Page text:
Dreamwork: From As to Zs

There are many lofty things I can (and do) say about dreams, starting with the fact that dreamwork is a great way to keep connected with your soul. And yet, I don’t claim to know exactly what the soul is. We can’t see it, smell it, or measure it–and yet we sense that it is there.

I can feel mine when I’m praying with others in synagogue, or when I read a poem so beautiful it makes me cry, or when I listen to the crickets singing at night (as I’m doing right now) and I grow very still inside and feel inexplicably happy.

But if I’m not paying attention, it’s just as easy to forget about the soul’s needs and get wrapped up in the hustle and bustle of daily life.

Dreams, however, provide a nightly window into the workings of the soul. Dreams let us know if we’re neglecting our inner selves, if we’re straying off course from our soul’s journey, or if our souls are feeling properly fed and watered.

So it’s worth taking a few minutes before bed to prepare for a good night of dreaming. You can do that by addressing what I call the “A List.” These are 5 areas (conveniently all beginning with the letter A) that touch on different aspects of our soulful selves. In your journal before you switch off the light to go to sleep, answer these “A List” questions:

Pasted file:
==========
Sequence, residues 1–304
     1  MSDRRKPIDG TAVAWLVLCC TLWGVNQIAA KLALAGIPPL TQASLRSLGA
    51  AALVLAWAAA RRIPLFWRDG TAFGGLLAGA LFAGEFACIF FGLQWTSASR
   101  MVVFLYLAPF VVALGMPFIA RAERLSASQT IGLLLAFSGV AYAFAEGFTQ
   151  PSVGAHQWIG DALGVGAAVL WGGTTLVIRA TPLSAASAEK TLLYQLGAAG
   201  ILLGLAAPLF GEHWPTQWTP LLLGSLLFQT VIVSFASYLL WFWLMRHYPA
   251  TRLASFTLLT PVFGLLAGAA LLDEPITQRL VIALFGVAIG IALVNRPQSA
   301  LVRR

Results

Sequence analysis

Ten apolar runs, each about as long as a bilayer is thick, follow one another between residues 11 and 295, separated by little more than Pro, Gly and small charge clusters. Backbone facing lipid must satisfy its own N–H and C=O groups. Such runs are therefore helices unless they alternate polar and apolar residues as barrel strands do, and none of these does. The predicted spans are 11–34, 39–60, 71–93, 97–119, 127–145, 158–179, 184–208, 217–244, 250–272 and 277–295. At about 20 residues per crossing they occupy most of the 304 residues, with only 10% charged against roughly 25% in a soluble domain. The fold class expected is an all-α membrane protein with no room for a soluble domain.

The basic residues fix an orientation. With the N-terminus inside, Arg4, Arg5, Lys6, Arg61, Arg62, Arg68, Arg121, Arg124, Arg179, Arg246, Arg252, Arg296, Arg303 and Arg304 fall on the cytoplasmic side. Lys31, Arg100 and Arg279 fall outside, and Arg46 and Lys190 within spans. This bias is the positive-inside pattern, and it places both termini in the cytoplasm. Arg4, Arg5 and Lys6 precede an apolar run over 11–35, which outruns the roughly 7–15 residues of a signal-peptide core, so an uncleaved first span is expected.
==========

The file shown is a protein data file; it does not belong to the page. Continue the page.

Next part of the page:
• APPRECIATION: Did I feel gratitude and show appreciation today? What do I feel grateful for right now
  • ADORATION: Have I felt love, awe, or reverence for something today? What did I miss that I might have expressed these emotions toward had I been paying closer attention?
  • ATONEMENT: Where did I fall short of my intentions to be my best self today? Do I owe anyone an apology? Do I need to ask myself for forgiveness?
  • ANTICIPATION: What am I looking forward to about tomorrow? Can I feel the joy of anticipation in my heart as I look ahead with optimism?
  • ASK FOR IT: Bedtime is the ideal time to pose a question to your wisest self, God, the divine, or the universe. You can ask for guidance about a problem, insight into a pressing issue, or you can simply request a restful night’s sleep. Ask anything you want. Write your question in your journal, and watch for an answer in your dreams, or in the thoughts that come to you when you wake in the morning.

When you’re done with your “A List” writing prompts, turn off the light and settle in for some well-earned Z’s.